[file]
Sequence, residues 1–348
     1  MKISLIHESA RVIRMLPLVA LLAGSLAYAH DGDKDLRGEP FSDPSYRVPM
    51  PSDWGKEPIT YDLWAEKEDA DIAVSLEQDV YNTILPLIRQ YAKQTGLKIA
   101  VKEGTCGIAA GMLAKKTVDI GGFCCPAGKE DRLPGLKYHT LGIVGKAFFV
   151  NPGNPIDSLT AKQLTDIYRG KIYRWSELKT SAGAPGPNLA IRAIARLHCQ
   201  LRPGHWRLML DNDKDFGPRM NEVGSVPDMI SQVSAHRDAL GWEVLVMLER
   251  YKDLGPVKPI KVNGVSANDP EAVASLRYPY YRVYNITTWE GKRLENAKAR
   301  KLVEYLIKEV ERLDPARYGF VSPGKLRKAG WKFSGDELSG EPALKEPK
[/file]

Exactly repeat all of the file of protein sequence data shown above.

Sequence, residues 1–348
     1  MKISLIHESA RVIRMLPLVA LLAGSLAYAH DGDKDLRGEP FSDPSYRVPM
    51  PSDWGKEPIT YDLWAEKEDA DIAVSLEQDV YNTILPLIRQ YAKQTGLKIA
   101  VKEGTCGIAA GMLAKKTVDI GGFCCPAGKE DRLPGLKYHT LGIVGKAFFV
   151  NPGNPIDSLT AKQLTDIYRG KIYRWSELKT SAGAPGPNLA IRAIARLHCQ
   201  LRPGHWRLML DNDKDFGPRM NEVGSVPDMI SQVSAHRDAL GWEVLVMLER
   251  YKDLGPVKPI KVNGVSANDP EAVASLRYPY YRVYNITTWE GKRLENAKAR
   301  KLVEYLIKEV ERLDPARYGF VSPGKLRKAG WKFSGDELSG EPALKEPK